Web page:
Different Levels of Nurse and Patient Boundaries

Not all boundary crossing in created equal. It ranges from slight or accidental I as to help the needs of a patient to the other end of the spectrum–wildly inappropriate behavior from nurse to a patient.

  • Boundary Crossing– These might be accidental or done with the best interest of the patient in mind. This is the most common form of boundary crossing that occurs between patient and healthcare professionals. Some examples of this would be a nurse disclosing/over-sharing too much personal information to someone they were treating.  This usually happens as a way to reassure or relate to the patient. A patient can feel uncomfortable despite good intentions. Accepting gifts from a patient also is not okay. It may seem like a nice gesture, but it can become inappropriate. Also, giving excessive attention to a patient where it is not necessary is boundary-crossing. (However, providing too little attention is also a big no no.)However, these mild behavioral slips usually do not lead to punishment or go unnoticed.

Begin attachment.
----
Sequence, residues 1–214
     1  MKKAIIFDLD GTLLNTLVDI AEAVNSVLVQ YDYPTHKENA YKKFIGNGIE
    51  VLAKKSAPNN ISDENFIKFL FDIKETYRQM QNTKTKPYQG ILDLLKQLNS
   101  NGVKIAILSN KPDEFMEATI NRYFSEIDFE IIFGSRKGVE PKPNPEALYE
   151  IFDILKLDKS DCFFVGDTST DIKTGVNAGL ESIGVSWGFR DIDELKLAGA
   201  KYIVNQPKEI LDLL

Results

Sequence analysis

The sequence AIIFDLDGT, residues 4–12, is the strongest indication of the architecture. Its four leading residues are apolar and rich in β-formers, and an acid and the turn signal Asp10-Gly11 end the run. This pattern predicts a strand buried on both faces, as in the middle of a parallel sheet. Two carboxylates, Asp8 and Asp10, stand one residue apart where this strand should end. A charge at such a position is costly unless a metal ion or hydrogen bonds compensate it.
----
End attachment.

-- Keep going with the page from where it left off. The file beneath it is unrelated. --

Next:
• Boundary Violation- A common boundary violation is when nurses break the privacy provisions of the Health Insurance Portability and Accountability Act (HIPAA) by discussing or disclosing a patient’s personal information outside of for treatment purposes. Do not share intimate feelings or personal problems. You should also absolutely never talk about anything of a sexual nature–that crosses into the next level, sexual misconduct.
  • Sexual Misconduct- This is absolutely the worst level on the totem pole of boundary-crossing in nursing. You can’t hint around about kissing (or heaven forbid worse actions) to any patient or relatives/family of the one you are treating. You also cannot solicit dates from any of these people. It is still sexual misconduct even if a patient starts it.

Stepping the line of personal boundaries in the nursing profession is a slippery slope. In order to make sure that nothing you do ends up escalating negatively or so that your innocent actions don’t get interpreted the wrong way, be mindful of some practices you should shun in your practice. Remember, you’re in a professional setting, so act accordingly. Some examples of  things to avoid while in the professional setting include:

  • Speaking of your own/your co-workers inabilities in the profession
  • Discussing topics with patients/their families that are outside of what is related to the practice
  • Singling out certain people–giving them excessive attention compared to other patients (or providing less attention)
  • Sharing secrets with guests
  • Feeling that you understand the patient more than other hospital staff
  • Making rude comments
  • Doing outside favors like getting groceries for patients
  • Flirting (obviously! Just don’t do it.)

If you have a story about a tricky nurse and patient boundaries, feel free to comment below!

Author: Troy Diffenderfer